[FrightFest Review] Shudder's 'The Cleansing Hour' Needs More than A Prayer to Exorcise Its Demons
Damien Levacks’ The Cleansing Hour, having recently played at FrightFest Glasgow, stars Ryan Guzman and Kyle Gallner as two lifelong friends who run a live streaming exorcism web series from which the movie takes its name. “The Cleansing Hour” is produced by Drew (Gallner) and features “Father” Max (Guzman) as an internet priest persona who dramatically heals the possessed to the captivated terror of viewers around the world...
...As many skeptics might suspect, the “possessed '' are in reality hired actors. The story takes off when the protagonists are confronted with the actual demonic possession of Drew’s girlfriend Lane (Alix Angeles). Once the authentic Demon takes hold, the facade of the show unravels and the true horror begins.
Given the amount of stellar exorcism based films already in existence, creating an original and compelling version is a bold undertaking. Levack and co-writer Aaron Horwitz do their best to firmly construct a character-driven piece that focuses more on the relationship between its characters than solely on the demonic possession aspects. A unique element of the movie involves the relationship with the series’ fans, some of which are introduced early on and remain close as the chaos ensues. Viewers' perspectives are seen in online chat rooms as the exorcism unfolds and it’s cool to watch as they learn the truth about Max and Drew, and themselves. It’s a compelling look at our world and the way we watch and interact with media. The screenwriters clearly emphasized the web series angle, which is understandable, and for the most part it works.
However, it’s when they do lean into the horror that everything truly clicks. One would wonder if they didn’t play so heavily with the social commentary aspects that the film might have struck a deeper meaning. The strong performances, particularly by the possessed Lane, could have carried the plot further than the slow build-up of minor characters used ad nauseam as filler to be fed to the demon. These victims lack context and the acting is unremarkable, with the exception of Riley (Emma Holzer) who lands her performance as an intern who clearly wants to be anywhere else but working. The movie succeeds the most when possessed Lane (voiced brilliantly by Tara Karsian) is in the driver seat and secrets between the three leads are unveiled. These moments almost rival those of classic exorcism films and take over the minds of the audience as quickly as the lacking, lumbering moments cause them to leave.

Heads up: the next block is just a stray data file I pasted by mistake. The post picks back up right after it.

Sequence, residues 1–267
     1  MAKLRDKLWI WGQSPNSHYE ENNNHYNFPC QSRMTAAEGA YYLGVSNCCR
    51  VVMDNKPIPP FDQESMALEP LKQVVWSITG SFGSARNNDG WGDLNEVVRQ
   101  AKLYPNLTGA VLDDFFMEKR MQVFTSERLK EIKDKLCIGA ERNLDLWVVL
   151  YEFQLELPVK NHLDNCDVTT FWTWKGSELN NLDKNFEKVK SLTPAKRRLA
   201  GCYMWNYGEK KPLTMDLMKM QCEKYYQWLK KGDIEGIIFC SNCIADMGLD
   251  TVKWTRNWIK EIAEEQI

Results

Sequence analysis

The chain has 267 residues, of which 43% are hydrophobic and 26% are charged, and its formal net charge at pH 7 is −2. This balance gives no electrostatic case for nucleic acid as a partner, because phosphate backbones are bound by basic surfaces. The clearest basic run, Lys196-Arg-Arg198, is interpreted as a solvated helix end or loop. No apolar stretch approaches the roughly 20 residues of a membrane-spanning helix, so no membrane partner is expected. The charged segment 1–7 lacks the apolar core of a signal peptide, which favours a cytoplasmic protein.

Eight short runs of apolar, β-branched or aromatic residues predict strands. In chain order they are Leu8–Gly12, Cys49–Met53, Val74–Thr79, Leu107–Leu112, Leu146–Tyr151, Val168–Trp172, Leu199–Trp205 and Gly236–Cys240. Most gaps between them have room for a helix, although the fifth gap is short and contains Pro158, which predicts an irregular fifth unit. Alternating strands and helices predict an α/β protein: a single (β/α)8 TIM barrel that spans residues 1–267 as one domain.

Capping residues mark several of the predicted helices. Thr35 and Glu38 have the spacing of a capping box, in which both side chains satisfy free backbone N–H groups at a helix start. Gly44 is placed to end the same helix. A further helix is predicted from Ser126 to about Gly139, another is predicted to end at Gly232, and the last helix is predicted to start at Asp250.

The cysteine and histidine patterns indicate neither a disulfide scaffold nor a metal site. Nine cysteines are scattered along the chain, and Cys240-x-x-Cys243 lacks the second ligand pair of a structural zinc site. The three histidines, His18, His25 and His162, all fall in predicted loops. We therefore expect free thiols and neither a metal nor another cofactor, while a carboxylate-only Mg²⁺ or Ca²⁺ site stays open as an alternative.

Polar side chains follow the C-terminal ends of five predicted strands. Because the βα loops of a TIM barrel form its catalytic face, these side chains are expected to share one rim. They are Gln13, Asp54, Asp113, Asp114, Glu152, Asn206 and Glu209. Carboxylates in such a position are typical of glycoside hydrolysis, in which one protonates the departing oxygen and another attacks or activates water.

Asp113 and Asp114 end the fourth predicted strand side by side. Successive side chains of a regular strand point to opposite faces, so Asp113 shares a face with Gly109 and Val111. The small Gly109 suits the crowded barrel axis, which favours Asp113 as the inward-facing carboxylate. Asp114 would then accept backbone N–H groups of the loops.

Something happens early on in this movie that isn’t overly troublesome, but still warrants comment. The film goes out of its way to draw attention to the uncertainty of the gender of a character, a drag queen that Max wants to hire as an actor in an episode of the show. The pronoun used to describe this person is first “he” with a correction to “she.” This in itself is rare and wonderful and the chance to see inclusion is always welcomed in the genre. However, that leads to a problem because this character is in the film for approximately two minutes to briefly wander around and then die. The filmmakers here aren’t actively trying to do anything evil, but it doesn’t sit well and honestly doesn’t move the plot forward or give the actor any time to shine in a role. The character is merely a plot device - her failure to show is the mechanism to get Drew’s girlfriend Lane to act for the episode. There needs to be a clear and concerted purpose behind it or it feels like adding an element for something different, just to immediately take it away. It also happens to be the first kill of the film and, quite frankly, the minority character dying first follows a pretty historically bad trope.
Overall, The Cleansing Hour is a fun time with more flaws than strengths, but the journey is worth at least the price of admission and recommended for the bonkers ending, if nothing else. When it commits to being a horror film it works and when it doesn’t it meets middling to poor results. When this arrives on Shudder later this year, it’s bound to find an audience.
By Justin Drabek
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